All this also came at an unfortunate time with CES 2018 in full swing, and Intel is desperately trying to steer the conversation away from its flawed CPUs. The fact that CEO Brian Krzanich decided to sell all the Intel stock he was allowed to under the terms of his contract (translating to US$24 million) back in December raised more than a few eyebrows in the wake of the disclosure of the flaws, and also spawned some interesting web memes. One appeared soon after referencing “Intel Insider Trading” a jab at the “Intel Inside” campaign the company used for many years. Far from a laughing matter though, U.S. lawmakers are now calling for an investigation into the Intel CEO’s actions, especially considering their timing.


So why will Meltdown and Spectre be haunting everyone for a while? Aside from the obvious update hassles there is also lingering impact.

The impact of Meltdown

While Meltdown affects Intel processors primarily and can be addressed with an OS update, patching doesn’t come without setbacks, primarily related to performance. Newer processors will feel less of a performance hit but processors released before 2015 have been harder hit with figures of 30% slowdown being reported. This is due to the nature of the necessary patches. In simple terms, Meltdown was caused by shortcuts taken to speed up processors but which also came at the expense of security which seems to have been more of an afterthought rather than a core focus, and now everyone is paying the price. These shortcuts are now being avoided through OS patches which means that the additional processing required slows things down and the older the processor the bigger the slowdown.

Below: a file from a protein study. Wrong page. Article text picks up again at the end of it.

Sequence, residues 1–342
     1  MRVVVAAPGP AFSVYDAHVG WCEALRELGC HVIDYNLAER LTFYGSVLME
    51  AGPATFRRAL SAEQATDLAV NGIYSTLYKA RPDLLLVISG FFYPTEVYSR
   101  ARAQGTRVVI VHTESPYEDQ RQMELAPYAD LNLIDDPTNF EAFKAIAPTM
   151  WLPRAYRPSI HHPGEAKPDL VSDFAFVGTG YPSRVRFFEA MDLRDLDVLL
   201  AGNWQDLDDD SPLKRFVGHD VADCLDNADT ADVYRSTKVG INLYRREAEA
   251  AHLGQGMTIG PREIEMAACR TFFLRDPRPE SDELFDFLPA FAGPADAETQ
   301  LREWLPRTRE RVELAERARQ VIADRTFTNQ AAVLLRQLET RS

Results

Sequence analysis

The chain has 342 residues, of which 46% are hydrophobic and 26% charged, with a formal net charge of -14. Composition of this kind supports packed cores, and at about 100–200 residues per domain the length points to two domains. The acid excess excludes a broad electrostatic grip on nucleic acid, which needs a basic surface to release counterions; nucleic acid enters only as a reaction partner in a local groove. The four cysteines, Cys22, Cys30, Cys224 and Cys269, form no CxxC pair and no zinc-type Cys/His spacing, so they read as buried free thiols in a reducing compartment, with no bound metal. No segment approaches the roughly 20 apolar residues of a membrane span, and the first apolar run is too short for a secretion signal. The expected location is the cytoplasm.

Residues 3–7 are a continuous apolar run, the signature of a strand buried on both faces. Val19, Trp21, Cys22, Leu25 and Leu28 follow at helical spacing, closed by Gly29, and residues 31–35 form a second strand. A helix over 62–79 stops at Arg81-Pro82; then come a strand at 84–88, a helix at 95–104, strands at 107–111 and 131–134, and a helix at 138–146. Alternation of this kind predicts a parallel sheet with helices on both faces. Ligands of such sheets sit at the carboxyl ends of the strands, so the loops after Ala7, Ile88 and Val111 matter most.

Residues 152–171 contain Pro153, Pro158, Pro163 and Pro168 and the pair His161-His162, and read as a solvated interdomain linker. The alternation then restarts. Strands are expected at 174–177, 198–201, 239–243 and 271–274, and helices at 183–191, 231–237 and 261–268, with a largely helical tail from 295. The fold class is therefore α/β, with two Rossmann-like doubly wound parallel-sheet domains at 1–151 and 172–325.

Cloud providers such as Amazon, Google, Microsoft and IBM have all been affected by a general slowdown in cloud server performance meaning that while maintaining the same resources, outsourced IT infrastructure will be slower, websites will be slower and devices in general will be slower. Many mobile apps rely on cloud infrastructure also, meaning that they will be slower too. The fix is to increase resources but that comes at additional cost across the board. Furthermore the initial OS patches were sledgehammer solutions that sought to quickly fix the problem, and were not optimized to minimize performance impact. It is likely that over the next few weeks to months we will see additional refinements to the patches that will seek to address and minimize the performance hit.

As soon as the news was available, at CaribMedia we were busy working with our cloud and dedicated server providers to implement the necessary Meltdown patches to all servers, and this was completed between Thursday January 4th and Saturday January 8th. It is quite likely that as firmware updates are released to hardware, additional patches and possibly reboots will be required.